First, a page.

“If I can bicycle, I bicycle.” David Attenborough
Vancouver is a great city for cycling, particularly in the downtown area where there are separated bike lanes on some of the roads and a couple of awesome bike paths. Last week, I wrote about cycling the Seawall in Stanley Park, which is a great family ride and easy for all levels of cyclist. This week, I’m continuing the ride to English Bay, False Creek, Granville Island, Gastown, Canada Place and Coal Harbour. My ride was about 30 km (including the Stanley Park loop). It could’ve been longer, but I did a couple of ferry trips on False Creek, just for the fun of it.
Once you’ve cycled around Stanley Park and reached the junction for the Lost Lagoon to the left, stay to the right and the bike path continues alongside the picturesque English Bay. About halfway along the beach there is a stone Inukshuk, which is an Inuit sign of welcome and was the inspiration for the Vancouver 2010 Winter Olympic Games logo.
At Hornby Street, you’ll come to the first Aquabus stop. These iconic little rainbow-coloured ferries take passengers to various points of interest on False Creek. Not all of them take bikes, but the Cyquabus does (along with strollers and wheelchairs). It’s the most fun way to get to Granville Island, which was next on my itinerary.
I’ve been to Granville Island on many occasions – to see a theatre show, to browse in the art galleries, to shop at the Public Market with my brother at Christmas time, and to hang out in the waterfront courtyard listening to buskers. It’s one of my favourite places in Vancouver, and it’s so easy to while away the hours there. On this day, I took about an hour to enjoy lunch while watching some canoeists and kayakers on False Creek.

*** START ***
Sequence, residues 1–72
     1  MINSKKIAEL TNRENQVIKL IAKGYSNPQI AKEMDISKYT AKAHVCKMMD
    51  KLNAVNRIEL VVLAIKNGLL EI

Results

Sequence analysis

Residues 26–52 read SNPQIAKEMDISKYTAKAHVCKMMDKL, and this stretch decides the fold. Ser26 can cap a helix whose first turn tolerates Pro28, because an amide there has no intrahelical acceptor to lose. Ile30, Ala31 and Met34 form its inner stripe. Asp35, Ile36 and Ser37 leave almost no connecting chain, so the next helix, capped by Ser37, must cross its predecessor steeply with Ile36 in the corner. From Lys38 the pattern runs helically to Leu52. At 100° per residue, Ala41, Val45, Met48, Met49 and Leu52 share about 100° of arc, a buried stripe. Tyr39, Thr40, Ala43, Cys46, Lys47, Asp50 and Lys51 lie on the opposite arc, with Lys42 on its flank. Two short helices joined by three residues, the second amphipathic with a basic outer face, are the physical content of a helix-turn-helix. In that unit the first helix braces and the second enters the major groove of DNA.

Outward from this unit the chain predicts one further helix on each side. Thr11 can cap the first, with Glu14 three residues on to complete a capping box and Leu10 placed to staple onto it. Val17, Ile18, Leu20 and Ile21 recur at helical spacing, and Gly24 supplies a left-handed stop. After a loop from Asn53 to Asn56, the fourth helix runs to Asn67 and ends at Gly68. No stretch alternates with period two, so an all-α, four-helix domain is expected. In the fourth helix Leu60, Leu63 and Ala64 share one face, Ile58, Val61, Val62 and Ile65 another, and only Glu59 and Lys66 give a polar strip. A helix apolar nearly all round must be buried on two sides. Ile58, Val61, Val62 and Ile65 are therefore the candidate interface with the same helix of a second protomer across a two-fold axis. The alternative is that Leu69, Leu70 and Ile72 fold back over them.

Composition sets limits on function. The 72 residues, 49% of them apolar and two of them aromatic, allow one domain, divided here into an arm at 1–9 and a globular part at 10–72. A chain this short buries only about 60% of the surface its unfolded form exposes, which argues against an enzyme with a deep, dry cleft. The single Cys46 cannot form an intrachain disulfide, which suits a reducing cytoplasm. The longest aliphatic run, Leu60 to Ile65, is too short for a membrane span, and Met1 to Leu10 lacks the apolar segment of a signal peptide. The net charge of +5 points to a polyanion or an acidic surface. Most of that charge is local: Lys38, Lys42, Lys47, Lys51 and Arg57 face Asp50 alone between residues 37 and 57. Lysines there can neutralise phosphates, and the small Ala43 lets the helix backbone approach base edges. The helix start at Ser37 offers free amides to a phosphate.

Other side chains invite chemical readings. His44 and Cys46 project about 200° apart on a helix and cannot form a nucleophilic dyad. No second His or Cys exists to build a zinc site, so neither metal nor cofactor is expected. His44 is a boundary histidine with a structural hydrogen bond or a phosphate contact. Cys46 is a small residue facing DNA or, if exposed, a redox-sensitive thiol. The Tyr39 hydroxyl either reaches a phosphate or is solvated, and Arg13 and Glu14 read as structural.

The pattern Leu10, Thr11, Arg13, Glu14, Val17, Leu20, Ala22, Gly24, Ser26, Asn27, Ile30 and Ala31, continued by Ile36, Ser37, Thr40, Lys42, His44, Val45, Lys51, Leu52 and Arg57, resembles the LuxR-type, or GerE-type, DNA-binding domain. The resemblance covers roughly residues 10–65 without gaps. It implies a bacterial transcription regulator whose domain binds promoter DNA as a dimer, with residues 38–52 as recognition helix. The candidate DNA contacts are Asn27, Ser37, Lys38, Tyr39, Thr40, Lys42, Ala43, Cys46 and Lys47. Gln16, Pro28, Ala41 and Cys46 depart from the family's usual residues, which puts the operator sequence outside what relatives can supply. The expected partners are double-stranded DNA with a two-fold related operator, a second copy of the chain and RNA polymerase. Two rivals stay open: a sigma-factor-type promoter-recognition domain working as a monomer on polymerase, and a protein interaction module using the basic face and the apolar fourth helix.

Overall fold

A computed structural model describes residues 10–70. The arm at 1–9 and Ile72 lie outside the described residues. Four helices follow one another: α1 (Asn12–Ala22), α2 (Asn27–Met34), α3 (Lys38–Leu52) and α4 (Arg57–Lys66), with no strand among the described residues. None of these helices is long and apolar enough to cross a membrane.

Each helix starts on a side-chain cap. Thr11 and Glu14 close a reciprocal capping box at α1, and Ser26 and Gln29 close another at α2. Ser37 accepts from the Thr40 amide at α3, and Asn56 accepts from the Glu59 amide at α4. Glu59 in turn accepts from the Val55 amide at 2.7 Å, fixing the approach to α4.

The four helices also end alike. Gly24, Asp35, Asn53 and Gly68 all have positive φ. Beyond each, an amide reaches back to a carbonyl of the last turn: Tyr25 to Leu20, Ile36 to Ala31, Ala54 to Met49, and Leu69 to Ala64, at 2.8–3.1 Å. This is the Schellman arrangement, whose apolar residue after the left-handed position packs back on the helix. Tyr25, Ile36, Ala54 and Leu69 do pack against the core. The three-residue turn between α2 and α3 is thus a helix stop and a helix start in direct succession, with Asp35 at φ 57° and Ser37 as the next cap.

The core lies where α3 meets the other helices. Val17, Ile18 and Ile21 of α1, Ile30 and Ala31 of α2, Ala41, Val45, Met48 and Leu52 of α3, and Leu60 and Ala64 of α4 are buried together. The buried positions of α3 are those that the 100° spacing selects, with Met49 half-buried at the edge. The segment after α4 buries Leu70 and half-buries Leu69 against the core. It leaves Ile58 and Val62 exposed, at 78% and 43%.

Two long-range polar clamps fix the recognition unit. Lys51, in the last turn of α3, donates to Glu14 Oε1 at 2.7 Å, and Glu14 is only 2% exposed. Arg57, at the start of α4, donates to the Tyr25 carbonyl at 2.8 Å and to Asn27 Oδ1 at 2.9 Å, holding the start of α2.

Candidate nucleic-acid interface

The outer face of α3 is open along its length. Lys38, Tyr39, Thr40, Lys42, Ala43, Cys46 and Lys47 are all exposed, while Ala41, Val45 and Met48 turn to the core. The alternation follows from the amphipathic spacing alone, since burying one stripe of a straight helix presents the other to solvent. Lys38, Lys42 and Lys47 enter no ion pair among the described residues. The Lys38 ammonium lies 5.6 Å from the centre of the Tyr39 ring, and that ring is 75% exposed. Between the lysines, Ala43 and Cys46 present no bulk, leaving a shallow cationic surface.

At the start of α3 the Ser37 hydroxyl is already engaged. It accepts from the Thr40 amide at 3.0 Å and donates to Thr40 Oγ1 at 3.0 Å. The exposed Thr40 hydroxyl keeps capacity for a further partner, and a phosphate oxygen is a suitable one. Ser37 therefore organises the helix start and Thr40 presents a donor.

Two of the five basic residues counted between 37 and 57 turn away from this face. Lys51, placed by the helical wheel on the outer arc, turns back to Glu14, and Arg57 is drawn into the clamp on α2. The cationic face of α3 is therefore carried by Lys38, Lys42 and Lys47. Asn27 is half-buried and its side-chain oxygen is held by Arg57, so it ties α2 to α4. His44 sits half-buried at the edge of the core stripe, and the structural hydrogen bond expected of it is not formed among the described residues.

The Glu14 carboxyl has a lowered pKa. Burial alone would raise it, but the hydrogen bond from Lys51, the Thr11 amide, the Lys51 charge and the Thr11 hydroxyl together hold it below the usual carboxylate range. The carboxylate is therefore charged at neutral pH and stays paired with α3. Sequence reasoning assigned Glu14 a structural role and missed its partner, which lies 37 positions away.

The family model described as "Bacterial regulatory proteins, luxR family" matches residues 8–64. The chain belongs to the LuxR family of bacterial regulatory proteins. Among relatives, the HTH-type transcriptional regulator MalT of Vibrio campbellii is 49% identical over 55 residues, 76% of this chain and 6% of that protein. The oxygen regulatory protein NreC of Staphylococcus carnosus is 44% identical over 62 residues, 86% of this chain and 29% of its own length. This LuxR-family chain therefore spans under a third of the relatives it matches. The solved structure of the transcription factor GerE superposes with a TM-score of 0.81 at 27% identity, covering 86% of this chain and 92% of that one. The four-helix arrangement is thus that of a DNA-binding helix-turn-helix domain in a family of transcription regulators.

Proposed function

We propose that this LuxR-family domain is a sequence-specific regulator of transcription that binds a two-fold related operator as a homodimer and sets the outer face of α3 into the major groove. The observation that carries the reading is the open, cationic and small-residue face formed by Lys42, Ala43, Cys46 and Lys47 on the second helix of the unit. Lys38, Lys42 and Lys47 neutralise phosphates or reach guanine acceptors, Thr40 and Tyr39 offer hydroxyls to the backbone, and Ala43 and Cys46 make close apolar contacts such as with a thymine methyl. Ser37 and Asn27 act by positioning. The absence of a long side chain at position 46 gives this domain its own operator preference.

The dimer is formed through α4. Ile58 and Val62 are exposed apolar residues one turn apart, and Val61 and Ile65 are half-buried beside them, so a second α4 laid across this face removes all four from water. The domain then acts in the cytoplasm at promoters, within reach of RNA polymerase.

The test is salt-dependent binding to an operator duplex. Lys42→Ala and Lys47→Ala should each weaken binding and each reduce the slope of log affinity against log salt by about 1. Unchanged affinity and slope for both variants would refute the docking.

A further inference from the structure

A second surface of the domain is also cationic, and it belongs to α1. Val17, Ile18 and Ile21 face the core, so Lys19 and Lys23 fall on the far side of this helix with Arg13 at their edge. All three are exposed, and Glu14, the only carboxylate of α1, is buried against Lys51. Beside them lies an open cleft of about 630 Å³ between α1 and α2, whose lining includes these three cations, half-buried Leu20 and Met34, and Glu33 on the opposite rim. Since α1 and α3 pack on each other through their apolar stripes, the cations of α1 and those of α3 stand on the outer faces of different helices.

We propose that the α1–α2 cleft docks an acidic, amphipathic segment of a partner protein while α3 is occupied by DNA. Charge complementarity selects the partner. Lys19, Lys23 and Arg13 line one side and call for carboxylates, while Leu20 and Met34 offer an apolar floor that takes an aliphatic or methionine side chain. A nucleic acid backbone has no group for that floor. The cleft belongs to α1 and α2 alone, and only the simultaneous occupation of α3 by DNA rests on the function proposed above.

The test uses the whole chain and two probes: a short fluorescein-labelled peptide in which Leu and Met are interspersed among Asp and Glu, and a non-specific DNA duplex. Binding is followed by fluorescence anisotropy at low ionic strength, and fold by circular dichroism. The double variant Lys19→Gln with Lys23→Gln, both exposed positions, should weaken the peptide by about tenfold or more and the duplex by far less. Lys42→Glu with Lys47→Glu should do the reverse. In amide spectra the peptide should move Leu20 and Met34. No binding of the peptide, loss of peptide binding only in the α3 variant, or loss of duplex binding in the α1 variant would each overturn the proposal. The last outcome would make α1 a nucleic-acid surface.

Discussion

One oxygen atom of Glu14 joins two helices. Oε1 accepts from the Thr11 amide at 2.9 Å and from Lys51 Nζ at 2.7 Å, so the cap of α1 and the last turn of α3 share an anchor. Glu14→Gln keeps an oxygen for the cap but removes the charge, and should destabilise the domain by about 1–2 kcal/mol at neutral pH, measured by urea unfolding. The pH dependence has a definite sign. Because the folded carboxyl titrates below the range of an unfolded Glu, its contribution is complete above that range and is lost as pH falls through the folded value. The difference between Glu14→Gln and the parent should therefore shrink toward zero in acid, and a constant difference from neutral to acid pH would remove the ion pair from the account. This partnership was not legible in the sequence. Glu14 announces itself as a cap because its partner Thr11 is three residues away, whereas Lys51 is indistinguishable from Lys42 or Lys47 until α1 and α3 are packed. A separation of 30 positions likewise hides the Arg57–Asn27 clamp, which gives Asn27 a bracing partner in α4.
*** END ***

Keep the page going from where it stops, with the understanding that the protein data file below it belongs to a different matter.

From here, I took another Cyquabus to the Spyglass (under the Cambie Bridge) before continuing my ride through the Olympic Village and past Science World. This is where the False Creek inlet ends so the trail continues on the opposite shore (and you can cycle back to where you started). I rode past Rogers Arena, where I’ve been to see the Vancouver Canucks play ice hockey, and BC Place, a multi-purpose stadium that was used during the Winter Olympics. The route also takes you past the trendy Yaletown, which was once a warehouse district and is now chock full of great restaurants and cafes.
Back at Hornby Street, I took the opportunity to cycle down one of Vancouver’s separated bike lanes. These have apparently caused a bit of controversy and are not particularly popular with drivers (including my brother), but I love it when a city embraces the bike. More bikes mean less cars and less pollution; it also means a healthier life for those who do chose to get on their bikes. If only all cities would include more cycling infrastructure in their planning.
The bike path runs right along Hornby Street to W Hastings Street where you turn left, and then right into Burrard Street for one block down to Canada Place and the waterfront. A block to the right is Gastown, Vancouver’s oldest downtown neighbourhood. It’s worth locking the bike up and having a wander along the cobblestoned streets, stopping for afternoon tea at one of the many eateries. This is where you’ll find the famous Steam Clock and, for my fellow-Supernatural fans, many of the dark alleys and laneways filmed in the show (see my previous blog about Supernatural locations).
From Canada Place, it’s a lovely ride back down to Coal Harbour and Stanley Park.
Do you have a favourite bike ride in Vancouver? So far I’ve only cycled in the downtown area. But I’m keen to discover more trails on my next visit.